During the Weimar Republic, members of the political right murdered leaders and members of the political left and center and often faced no penalty from the courts. Prominent left leaders such as Karl Liebknecht and Rosa Luxemburg as well as more center leaning leaders such as Walther Rathenau and Matthias Erzberger were assassinated in cold blood. Gumbel points out that at the time of publication, there were 354 murders perpetrated by the political right, but the judicial system left over three hundred of those unpunished. The Freikorps, right-wing militias often made up with veterans and military leaders, committed many of these murders.

Gumbel argues that the judicial system is partial to the political right as a reason for its leniency. The judicial system was left untouched in Germany after the creation of the republic, which included many members of the old imperial culture. Judges often belonged to the upper class and may not comprehend that murders come from their class. Furthermore, the judges identified more with the assassins. Gumbel explains, “Underneath the heavy mask of formalism, his soul resonates tenderly with the murderer” (104).  The judges also are taught that the political left is a public enemy and that the desecration of it is a service to humanity. This all contributes to the perpetrator getting away with murder.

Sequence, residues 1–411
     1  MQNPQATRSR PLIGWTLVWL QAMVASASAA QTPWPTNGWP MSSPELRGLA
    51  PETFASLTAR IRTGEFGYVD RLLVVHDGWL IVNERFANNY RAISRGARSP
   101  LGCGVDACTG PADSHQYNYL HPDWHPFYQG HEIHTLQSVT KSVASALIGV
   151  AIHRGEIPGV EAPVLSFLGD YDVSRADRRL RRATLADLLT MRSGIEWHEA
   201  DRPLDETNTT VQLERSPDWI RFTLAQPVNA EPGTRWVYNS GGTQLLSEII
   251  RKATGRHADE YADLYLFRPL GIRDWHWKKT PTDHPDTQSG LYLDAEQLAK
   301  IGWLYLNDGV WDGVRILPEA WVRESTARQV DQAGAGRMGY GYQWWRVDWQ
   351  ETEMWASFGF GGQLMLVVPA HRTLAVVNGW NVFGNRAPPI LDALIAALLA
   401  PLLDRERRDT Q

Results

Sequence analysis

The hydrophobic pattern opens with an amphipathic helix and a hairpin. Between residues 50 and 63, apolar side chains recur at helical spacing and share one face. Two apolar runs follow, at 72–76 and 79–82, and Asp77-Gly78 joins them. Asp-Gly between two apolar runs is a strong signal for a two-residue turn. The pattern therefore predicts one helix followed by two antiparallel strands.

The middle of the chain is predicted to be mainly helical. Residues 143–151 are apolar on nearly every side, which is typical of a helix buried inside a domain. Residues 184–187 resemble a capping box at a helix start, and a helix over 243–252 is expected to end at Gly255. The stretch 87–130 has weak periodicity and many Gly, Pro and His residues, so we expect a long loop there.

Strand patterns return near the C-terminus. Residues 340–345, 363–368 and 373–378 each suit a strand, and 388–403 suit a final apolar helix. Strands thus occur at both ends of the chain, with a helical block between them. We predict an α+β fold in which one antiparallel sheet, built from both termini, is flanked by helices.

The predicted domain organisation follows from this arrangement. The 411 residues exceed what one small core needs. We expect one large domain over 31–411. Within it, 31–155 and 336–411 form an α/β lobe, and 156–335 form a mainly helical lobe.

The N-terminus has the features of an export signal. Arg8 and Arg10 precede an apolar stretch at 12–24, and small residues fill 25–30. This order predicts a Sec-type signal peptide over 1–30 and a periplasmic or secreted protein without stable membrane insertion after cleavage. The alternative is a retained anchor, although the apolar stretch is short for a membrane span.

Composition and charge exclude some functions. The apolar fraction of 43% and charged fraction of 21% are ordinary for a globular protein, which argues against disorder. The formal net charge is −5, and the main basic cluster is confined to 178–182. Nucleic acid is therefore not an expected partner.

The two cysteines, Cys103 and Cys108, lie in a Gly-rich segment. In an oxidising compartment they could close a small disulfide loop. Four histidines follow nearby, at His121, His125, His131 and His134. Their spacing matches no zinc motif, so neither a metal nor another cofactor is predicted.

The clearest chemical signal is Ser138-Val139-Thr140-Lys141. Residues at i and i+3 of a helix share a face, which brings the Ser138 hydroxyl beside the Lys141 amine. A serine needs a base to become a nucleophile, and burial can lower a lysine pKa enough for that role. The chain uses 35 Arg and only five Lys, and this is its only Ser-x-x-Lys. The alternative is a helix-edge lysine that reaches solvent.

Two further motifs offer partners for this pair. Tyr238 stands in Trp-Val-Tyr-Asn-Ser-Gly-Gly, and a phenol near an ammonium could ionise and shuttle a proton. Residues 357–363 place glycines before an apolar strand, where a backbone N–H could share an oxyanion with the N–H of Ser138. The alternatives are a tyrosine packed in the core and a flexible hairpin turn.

In America there has been a disproportionate number of African Americans shot and killed  under the guise of “self defense.” Most famous were the murders of Trayvon Martin and Michael Brown. In Michael Brown’s case, it was a police officer who shot him. This is followed with countless other African American deaths in the hands of the police. The American juries and courts were lenient on the perpetrators. For example, George Zimmerman, the man who murdered Trayvon Martin, was found not guilty even though he shot Martin when he was not threatening Zimmerman in any way.

American propaganda has showed us time and time again that African Americans are a public enemy, are more deviant, and more likely to be criminals. These racist beliefs can fill the minds, consciously or unconsciously, of the judicial system and cause them to act in a similar fashion as the judges in Weimar Germany. Moreover, the members of the police force can also absorb these racist mindsets and use excessive force, to the point to death, against African Americans. Germany did not reform their judicial system or police system, but perhaps it is time to reform ours.